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Old 17-02-2011, 00:56   #21
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Unlicenced charter businesses in most parts of world would be illegal.

Can't do it in Aust/NZ.
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Old 17-02-2011, 01:17   #22
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Why do you need a captains license?

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The questions are pretty broad and general, so I'd suggest looking at some of the many existing threads on budget cruising and boats. Most of these are under the monohull subforum. A lot of your questions will probably be answered within them.

One other thought is you're going to need a captains license.

Oh, and ... welcome aboard.
For the canal....
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Old 17-02-2011, 02:08   #23
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For the canal....
No, the OP didn't mention carrying paying customers through the canal. I was referring to his remark about ferrying backpackers from country to country. If he leaves from the US he obviously needs the license. From other countries it depends, but as a couple other posters have pointed out there are potentially serious problems when operating without a license in foreign countries. I know people do it, but the OP seems to be fairly inexperienced in these issues so best to be aware.
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Old 17-02-2011, 03:52   #24
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I am certain that some "experts" will tell you that you can find what you are looking for. I will tell you that your budget and your expert-influenced expectations are out of line and reason!

You will certainly be one of the sinkings that we will hear about, or maybe not, maybe nobody will be near enough to hear you yelling because you are sinking and have no working communication.

There is nothing wrong with setting a budget and goals, except that in this and other forums you will find plenty of arm-chair experts who will make you think your budget and goals are achievable.

I don't have an arm chair, I am out here doing it, and I will tell you...can't be done with any safety for what you are expecting.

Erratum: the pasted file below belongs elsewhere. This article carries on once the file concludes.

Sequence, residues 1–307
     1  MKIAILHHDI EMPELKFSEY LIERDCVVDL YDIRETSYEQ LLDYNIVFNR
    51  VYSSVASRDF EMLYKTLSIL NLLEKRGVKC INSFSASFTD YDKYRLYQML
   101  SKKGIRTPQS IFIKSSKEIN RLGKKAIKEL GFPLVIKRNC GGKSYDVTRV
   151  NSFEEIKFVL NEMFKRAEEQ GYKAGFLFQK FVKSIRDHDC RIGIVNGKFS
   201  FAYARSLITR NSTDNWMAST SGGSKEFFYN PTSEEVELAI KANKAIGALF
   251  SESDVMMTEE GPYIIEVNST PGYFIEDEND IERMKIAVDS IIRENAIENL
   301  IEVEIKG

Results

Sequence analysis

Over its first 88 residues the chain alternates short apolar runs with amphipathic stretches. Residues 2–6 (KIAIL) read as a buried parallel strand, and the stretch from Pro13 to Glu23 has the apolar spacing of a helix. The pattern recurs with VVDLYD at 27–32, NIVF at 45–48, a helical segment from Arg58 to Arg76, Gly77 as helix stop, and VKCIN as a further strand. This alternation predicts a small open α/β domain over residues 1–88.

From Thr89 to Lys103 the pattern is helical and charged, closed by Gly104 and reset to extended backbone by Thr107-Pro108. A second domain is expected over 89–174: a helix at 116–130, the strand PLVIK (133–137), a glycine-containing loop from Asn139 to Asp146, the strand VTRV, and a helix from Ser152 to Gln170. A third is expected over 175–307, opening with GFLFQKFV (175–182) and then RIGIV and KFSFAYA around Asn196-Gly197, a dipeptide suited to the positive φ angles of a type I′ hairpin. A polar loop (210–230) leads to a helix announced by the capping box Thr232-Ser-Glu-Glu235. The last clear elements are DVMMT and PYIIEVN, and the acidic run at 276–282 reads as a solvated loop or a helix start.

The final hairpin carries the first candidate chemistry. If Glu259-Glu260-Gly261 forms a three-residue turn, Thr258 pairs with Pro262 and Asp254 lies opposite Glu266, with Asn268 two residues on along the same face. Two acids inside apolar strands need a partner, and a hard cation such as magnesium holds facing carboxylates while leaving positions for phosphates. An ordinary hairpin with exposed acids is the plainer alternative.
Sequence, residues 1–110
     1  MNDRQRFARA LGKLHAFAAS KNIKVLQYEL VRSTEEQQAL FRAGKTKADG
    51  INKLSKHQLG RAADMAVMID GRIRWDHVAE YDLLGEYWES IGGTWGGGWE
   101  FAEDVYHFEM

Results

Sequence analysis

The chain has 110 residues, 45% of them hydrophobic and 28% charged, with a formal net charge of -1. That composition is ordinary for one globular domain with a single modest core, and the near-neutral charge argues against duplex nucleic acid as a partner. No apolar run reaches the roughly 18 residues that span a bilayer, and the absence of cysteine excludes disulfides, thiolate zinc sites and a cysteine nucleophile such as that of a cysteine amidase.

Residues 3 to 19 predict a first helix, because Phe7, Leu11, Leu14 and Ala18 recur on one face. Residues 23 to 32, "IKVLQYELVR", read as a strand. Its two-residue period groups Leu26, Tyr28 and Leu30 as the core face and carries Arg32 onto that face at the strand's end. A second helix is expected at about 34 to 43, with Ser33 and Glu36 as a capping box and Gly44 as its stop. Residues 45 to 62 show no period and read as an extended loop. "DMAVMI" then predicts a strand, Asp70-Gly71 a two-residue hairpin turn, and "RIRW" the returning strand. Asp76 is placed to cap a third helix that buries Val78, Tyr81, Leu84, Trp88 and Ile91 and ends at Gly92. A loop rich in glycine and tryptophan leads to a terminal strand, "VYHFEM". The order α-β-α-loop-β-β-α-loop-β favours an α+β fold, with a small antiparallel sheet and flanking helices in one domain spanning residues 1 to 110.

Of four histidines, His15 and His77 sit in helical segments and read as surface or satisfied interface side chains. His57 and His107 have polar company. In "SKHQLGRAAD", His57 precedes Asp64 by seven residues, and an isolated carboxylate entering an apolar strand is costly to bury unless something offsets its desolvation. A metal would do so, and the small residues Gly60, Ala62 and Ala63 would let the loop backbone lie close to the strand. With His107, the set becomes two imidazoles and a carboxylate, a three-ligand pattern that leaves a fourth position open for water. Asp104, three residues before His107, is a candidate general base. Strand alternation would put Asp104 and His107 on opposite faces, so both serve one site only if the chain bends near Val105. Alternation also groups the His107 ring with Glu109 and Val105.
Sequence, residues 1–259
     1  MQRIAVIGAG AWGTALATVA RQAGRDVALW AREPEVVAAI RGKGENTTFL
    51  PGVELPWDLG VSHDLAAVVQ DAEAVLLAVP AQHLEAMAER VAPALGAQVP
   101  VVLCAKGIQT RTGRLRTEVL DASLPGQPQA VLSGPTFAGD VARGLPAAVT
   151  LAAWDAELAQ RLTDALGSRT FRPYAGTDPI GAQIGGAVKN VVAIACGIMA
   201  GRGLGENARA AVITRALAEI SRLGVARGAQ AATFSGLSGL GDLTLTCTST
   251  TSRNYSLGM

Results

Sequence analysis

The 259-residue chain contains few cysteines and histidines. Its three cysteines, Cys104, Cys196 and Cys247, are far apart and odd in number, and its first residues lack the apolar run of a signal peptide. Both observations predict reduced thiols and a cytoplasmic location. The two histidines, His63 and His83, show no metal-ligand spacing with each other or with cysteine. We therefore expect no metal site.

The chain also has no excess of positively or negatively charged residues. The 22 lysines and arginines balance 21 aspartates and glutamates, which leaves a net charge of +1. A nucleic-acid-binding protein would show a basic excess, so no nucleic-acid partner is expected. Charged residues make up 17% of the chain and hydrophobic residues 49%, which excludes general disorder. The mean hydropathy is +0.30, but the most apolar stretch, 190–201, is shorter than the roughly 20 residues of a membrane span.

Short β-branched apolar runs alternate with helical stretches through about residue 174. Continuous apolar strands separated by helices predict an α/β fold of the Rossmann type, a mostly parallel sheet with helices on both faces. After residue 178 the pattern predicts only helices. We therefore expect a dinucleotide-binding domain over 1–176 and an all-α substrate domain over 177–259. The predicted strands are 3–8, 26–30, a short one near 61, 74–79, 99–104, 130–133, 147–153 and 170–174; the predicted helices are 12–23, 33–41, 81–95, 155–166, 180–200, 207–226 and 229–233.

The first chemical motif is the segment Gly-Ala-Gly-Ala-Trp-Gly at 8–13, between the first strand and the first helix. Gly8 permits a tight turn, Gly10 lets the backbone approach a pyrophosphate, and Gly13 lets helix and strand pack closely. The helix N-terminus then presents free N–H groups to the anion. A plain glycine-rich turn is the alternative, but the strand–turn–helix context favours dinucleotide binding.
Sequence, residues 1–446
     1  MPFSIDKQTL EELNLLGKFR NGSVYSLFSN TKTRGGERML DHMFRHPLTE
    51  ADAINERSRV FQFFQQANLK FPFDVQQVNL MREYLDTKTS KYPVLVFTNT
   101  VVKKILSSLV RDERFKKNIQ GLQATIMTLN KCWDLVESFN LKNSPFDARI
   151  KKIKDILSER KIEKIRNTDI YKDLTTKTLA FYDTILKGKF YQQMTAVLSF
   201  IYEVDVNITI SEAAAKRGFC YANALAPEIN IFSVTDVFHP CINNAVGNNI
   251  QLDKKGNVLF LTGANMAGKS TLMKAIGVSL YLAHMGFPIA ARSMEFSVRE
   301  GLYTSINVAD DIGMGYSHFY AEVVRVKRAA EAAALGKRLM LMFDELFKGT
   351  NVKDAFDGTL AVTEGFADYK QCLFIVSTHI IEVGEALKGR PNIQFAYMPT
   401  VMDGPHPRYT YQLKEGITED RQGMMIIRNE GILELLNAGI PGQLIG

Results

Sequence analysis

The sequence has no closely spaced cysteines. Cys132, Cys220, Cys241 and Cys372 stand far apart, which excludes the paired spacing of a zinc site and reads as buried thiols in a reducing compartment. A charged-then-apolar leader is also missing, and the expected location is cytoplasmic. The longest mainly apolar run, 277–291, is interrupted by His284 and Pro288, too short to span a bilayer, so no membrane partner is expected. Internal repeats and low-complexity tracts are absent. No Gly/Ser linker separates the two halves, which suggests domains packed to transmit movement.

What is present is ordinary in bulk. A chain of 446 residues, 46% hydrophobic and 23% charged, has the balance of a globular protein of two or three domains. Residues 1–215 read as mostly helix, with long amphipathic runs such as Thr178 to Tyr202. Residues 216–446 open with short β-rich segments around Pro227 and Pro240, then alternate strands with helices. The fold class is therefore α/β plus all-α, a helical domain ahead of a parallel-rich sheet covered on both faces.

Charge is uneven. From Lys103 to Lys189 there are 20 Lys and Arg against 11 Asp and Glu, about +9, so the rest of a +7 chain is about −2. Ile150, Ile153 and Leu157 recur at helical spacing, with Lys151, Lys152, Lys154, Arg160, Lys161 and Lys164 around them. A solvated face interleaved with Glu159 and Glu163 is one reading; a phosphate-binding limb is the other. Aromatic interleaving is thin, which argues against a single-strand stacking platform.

OK, experts, pile on!

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Old 17-02-2011, 04:27   #25
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Licencing and vessel standards particually safety - crew training, up to date liferafts, vests, radios, first aid, bilge pumping, water-tite compartments, etc, etc are all about consumer protection.

Might get away in some juristrictions but invariably will be breaking some laws.

QK to damage yourself but not a paying passanger.
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Old 17-02-2011, 08:12   #26
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Boats that are :

(i) under 35k
(ii) over 35ft
(iii) good enough to get into charter survey, and
(iv) good enough to sail to asia.

don't exist. You will have to rethink your parameters.
Go smaller (e.g. a Southern Cross 31 or Westsail 32) or spend more. Also be prepared to invest a huge amount of sweat equity.
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Old 17-02-2011, 08:39   #27
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Maybe not a sinking... maybe just stuck on the beach with a boat you can't finish coz everything thing turned out to cost more than you thought... then deciding to go anyway.
Happened to me once... bought a boat in the states and set to work... and guess what... exchange rates dived and my upgrade fund shriveled...
Sailed back in a boat with missing bulkhead and bad reputation to my certain doom (according to experts)... only a handheld gps, compass, wheelpilot(crap) and vhf... I made it but it was tough and could easily have gone the other way... but a lot of much better prepared boats came of as bad that year... survival is often a crap shoot.
What it comes down to is your abilities to cope all round... stamina, nav & seamanship skills and a healthy dose of survival instinct.. the boat will be fine if she's basically sound.
Not saying it can be done, not saying it can't.... that would be arrogant... there are folks who have and succeeded... and those that failed or sank....
what it boils down to in the end.... is you...
Regarding Charter... thats a fantasy chased by many... most that find it often fall foul of the authorities sooner or later...
"you can't keep everyone happy alla de time" someones gonna blow deon ya
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Old 17-02-2011, 17:45   #28
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I have spent a couple of hours a day for the last 2 years looking at sailboats.
Another boatholic here? Now that there are the two of us ... ;-)))

Valiant, Southern Cross, PS, Vancouver, Pearson, Rival, Laurin, to name a few.

But none of them is above 35' except the Pearson (say the 365).

None of them for charter business.

For charter business Bavaria Holiday.

But not for sailing to Asia.

b.
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Old 17-02-2011, 17:51   #29
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For the canal....
For insurance too.
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Old 17-02-2011, 19:25   #30
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If anyone can give me advice on the type of boat and length I should be looking at then that would be greatly appreciated. Any other comments or advice would also be sweet.
Let me suggest you read Twenty Affordable Sailboats To Take You Anywhere by Gregg Nestor and/or 20 small sailboats to take you anywhere by John Vigor.